“The club we were playing in was attached to a bowling alley that had valet parking. I said, ‘Wait a minute, if you don’t think you have rednecks, go look out the window,'” Foxworthy said. “I went back to the hotel (and) wrote ‘Ten Ways to Tell,’ never thinking it was gonna be a book, a calendar or a hook. It was just trying to write stand-up! I went back the next night and did it. Not only were people laughing, they were pointing at each other. I thought, ‘If I can write 10, can I write 20? Can I write 100?’ That was the way the whole redneck thing started.”
The popular shtick led to his debut comedy album “You Might Be a Redneck If … ” (1993).
“Every comedian, you need something they can identify you by, so people started going, ‘Oh, that’s that guy,'” Foxworthy said. “Warner Bros. approached me about doing an album. I said, ‘I don’t think people listen to comedy albums anymore.’ … The guy said, ‘If we sell 100,000 of them, we’ll all be throwing confetti.’ That album sold almost four million copies! … Literally, almost overnight it went from nobody knowing who you were to almost everybody knowing.”
His favorite “redneck” joke is one that he wrote about NASCAR.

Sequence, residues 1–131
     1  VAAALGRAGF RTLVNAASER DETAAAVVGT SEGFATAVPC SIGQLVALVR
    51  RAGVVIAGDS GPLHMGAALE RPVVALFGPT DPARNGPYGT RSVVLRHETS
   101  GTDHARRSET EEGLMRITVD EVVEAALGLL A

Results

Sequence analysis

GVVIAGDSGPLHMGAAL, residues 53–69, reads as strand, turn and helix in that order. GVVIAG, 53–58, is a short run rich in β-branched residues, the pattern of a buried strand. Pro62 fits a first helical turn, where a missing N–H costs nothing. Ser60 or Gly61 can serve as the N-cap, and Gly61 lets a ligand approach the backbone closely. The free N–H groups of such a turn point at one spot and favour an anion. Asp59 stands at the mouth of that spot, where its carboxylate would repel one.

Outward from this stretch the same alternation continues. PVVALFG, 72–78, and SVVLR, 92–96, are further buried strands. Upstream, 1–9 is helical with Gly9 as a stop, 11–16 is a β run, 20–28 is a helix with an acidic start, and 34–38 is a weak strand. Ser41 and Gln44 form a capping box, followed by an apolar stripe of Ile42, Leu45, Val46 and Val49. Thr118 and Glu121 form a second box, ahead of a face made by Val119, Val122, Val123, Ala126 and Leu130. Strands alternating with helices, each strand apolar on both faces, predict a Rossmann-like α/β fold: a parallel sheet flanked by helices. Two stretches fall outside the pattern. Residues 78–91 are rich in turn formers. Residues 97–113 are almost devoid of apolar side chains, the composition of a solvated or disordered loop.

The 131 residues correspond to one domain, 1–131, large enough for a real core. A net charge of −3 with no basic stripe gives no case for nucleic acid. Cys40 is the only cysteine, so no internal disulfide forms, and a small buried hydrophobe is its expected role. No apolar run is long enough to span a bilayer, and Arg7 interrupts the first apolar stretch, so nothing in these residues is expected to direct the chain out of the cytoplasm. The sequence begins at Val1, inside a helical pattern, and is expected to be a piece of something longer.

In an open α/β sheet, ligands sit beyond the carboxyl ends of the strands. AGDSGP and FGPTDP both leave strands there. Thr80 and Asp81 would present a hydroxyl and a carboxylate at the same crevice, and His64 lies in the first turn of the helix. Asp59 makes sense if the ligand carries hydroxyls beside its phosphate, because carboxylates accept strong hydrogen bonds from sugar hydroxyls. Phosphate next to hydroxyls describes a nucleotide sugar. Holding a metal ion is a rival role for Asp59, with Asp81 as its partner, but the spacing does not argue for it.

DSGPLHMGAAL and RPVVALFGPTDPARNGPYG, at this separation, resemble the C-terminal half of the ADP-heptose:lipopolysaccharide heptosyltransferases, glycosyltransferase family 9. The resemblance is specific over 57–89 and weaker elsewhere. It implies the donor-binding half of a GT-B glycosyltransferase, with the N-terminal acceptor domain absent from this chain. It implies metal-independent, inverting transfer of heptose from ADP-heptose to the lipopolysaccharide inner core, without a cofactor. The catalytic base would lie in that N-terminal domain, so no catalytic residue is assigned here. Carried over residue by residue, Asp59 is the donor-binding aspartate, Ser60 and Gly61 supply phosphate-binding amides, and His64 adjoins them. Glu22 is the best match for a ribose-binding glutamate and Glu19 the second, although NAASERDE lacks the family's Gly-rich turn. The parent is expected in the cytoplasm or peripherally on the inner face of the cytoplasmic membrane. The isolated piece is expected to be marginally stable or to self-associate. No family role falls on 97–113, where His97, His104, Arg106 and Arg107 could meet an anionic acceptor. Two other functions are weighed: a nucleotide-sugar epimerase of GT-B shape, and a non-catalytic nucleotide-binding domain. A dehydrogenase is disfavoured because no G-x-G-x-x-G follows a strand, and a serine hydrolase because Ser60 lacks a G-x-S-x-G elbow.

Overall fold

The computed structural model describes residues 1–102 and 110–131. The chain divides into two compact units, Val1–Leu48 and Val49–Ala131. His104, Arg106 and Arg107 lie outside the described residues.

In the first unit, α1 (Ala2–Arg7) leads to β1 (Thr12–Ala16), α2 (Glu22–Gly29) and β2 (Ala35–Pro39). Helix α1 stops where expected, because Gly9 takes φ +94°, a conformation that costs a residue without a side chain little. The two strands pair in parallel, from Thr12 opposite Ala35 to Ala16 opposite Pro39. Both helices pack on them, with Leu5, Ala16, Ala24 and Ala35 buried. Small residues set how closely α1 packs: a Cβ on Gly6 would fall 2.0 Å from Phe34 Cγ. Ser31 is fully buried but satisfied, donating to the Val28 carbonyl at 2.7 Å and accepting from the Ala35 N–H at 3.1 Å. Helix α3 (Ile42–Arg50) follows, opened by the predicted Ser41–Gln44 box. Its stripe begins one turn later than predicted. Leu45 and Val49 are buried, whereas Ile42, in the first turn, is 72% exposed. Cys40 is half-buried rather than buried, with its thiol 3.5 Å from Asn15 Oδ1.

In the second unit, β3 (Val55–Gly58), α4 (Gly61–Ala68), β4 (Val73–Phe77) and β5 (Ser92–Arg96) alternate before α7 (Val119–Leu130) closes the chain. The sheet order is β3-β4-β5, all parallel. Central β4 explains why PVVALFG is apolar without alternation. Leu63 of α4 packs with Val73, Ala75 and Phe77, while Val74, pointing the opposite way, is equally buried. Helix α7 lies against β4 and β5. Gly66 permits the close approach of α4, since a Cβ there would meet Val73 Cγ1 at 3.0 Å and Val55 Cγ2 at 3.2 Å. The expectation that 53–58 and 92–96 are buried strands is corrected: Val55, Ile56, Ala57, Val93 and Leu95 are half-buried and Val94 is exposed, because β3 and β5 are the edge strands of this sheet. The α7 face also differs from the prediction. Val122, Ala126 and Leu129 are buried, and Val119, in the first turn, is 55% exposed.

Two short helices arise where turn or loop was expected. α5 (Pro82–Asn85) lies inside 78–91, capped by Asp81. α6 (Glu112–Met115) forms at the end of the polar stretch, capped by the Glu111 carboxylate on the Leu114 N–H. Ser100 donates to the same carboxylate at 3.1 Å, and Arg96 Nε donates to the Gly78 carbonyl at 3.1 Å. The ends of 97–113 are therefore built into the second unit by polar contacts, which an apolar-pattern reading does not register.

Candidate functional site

“If your son’s name is Dale Jr. and your name’s not Dale, you might be a redneck,” he joked.
He followed up by recording the popular spoof carol “The Redneck 12 Days of Christmas,” replacing the famous “partridge in a pair tree” with “some parts to a Mustang GT.”
“The funny thing is my kids were babies then and they’d never seen the video,” Foxworthy said. “Somebody was putting together a (video) package on me. … My oldest daughter walks in and goes, ‘Dad, you can’t let other people see this,’ because I had on an elf costume with striped leggings, curled up shoes and pointed ears. I said, ‘Baby, this has been on TV a million times.’ … So, I was able to embarrass my children on a level that exceeded most fathers.”
Soon, he landed his own TV sitcom with ABC’s “The Jeff Foxworthy Show” (1995-1997).